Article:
• ARIA-MASK Study Grp; Bousquet, J.; Farrell, J.; Illario, M.; Haahtela, T.; Toppila-Salmi, S.; Valovirta, E. (2020)
    The reference sites of the European Innovation Partnership on Active and Healthy Ageing (EIP on AHA) were renewed in 2019. The DG Sante good practice Mobile Airways Sentinel networK was reviewed to meet the objectives of the EIP on AHA. It included 1) Management of care process, 2) Blueprint of digital transformation, 3) EIP on AHA, innovation to market, 4) Community for monitoring and assessment framework, 5) Political, organizational, technological and financial readiness, 6) Contributing to European co-operation and transferability, 7) Delivering evidence of impact against the triple win approach, 8) Contribution to the European Digital Transformation of Health and Care and 9) scale of demonstration and deployment of innovation.
  • Plunkett, Jevon; Doniger, Scott; Orabona, Guilherme; Morgan, Thomas; Haataja, Ritva; Hallman, Mikko; Puttonen, Hilkka; Menon, Ramkumar; Kuczynski, Edward; Norwitz, Errol; Snegovskikh, Victoria; Palotie, Aarno; Palotie, Leena; Fellman, Vineta; DeFranco, Emily A.; Chaudhari, Bimal P.; McGregor, Tracy L.; McElroy, Jude J.; Oetjens, Matthew T.; Teramo, Kari; Borecki, Ingrid; Fay, Justin; Muglia, Louis (2011)
  • Harju, Vilhelmiina; Koskinen, Antti; Pehkonen, Leila (2019)
    Background: The importance of digital technologies for enhancing learning in formal education settings has been widely acknowledged. In the light of this expectation, it is important to investigate the effects of these technologies on students' learning and development. Purpose: This study explores longitudinal empirical research on digital learning in the context of primary and secondary education. By focusing on a small selection of the peer-reviewed literature, the aim is to examine the kinds of longitudinal study published on this topic during the period 2012-2017 and, thorough categorisation, to bring together insights about the reported influences of digital technology use on students' learning. Design and methods: The databases searched for the purposes of this review were Scopus and Web of Science. Of 1,989 articles, 13 were finally included in the review. Using qualitative content analysis, these were analysed, coded and categorised. Results: The reviewed studies were found to have approached digital learning in different ways: they varied, for example, in terms of research methods and design and the digital technologies used. The studies addressed different aspects of learning, which we assigned to six categories: affection, attitude, and motivation; subject-specific knowledge and skills; transversal skills; learning experience; elements of the learning environment; and identity. We identified both positive and negative influences of technology on learning. Conclusions: This review offers a snapshot of the variety of research in this fast-moving area. The studies we explored were found to approach digital learning from several different perspectives, and no straightforward conclusions can be drawn about the influences of digital technology use on students' learning. We conclude that further longitudinal studies of digital learning are needed, and this study assists by highlighting gaps in the existing literature.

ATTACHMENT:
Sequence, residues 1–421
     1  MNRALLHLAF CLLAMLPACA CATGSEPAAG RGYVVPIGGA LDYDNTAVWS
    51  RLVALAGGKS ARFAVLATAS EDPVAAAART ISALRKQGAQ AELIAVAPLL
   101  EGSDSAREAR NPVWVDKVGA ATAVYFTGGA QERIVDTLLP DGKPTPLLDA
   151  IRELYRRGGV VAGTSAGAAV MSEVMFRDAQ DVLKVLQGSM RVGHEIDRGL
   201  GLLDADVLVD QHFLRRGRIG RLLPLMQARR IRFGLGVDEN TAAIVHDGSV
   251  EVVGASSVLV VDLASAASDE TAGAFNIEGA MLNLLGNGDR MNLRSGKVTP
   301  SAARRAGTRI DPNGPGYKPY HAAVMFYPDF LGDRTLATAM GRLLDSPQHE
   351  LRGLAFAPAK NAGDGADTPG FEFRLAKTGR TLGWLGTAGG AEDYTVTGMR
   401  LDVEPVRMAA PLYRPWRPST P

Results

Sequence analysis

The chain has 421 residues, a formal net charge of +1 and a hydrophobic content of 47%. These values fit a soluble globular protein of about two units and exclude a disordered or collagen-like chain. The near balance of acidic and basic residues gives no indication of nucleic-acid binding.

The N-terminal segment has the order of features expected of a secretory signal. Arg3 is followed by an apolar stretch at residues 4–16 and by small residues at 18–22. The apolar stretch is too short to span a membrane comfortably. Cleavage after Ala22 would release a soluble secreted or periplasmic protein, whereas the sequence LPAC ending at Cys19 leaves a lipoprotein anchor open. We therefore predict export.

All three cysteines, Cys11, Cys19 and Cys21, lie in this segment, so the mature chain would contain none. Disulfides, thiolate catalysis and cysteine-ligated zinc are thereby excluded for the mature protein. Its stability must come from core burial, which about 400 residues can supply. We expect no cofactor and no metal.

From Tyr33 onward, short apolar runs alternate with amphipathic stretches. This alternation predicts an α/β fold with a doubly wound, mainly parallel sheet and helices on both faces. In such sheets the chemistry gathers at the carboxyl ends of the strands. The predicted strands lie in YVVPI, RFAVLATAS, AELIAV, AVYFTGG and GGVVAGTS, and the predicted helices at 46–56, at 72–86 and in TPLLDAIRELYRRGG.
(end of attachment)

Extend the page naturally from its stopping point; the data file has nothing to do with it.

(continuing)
• Riikonen, Sini; Seitamaa-Hakkarainen, Pirita; Hakkarainen, Kai (2020)
    The present investigation aimed to analyze the collaborative making processes and ways of organizing collaboration processes of five student teams. As a part of regular school work, the seventh-grade students were engaged in the use of traditional and digital fabrication technologies for inventing, designing, and making artifacts. To analyze complex, longitudinal collaborative making processes, we developed the visual Making-Process-Rug video analysis method, which enabled tracing intertwined with social-discursive and materially mediated making processes and zoomed in on the teams' efforts to organize their collaborative processes. The results indicated that four of the five teams were able to take on multifaceted epistemic and fabrication-related challenges and come up with novel co-inventions. The successful teams' social-discursive and embodied making actions supported each another. These teams dealt with the complexity of invention challenges by spending a great deal of their time in model making and digital experimentation, and their making process progressed iteratively. The development of adequate co-invention and well-organized collaboration processes appeared to be anchored in the team's shared epistemic object.
  • Pirhonen, Jari; Tiilikainen, Elisa; Pekkarinen, Satu; Lemivaara, Marjut; Melkas, Helina (2020)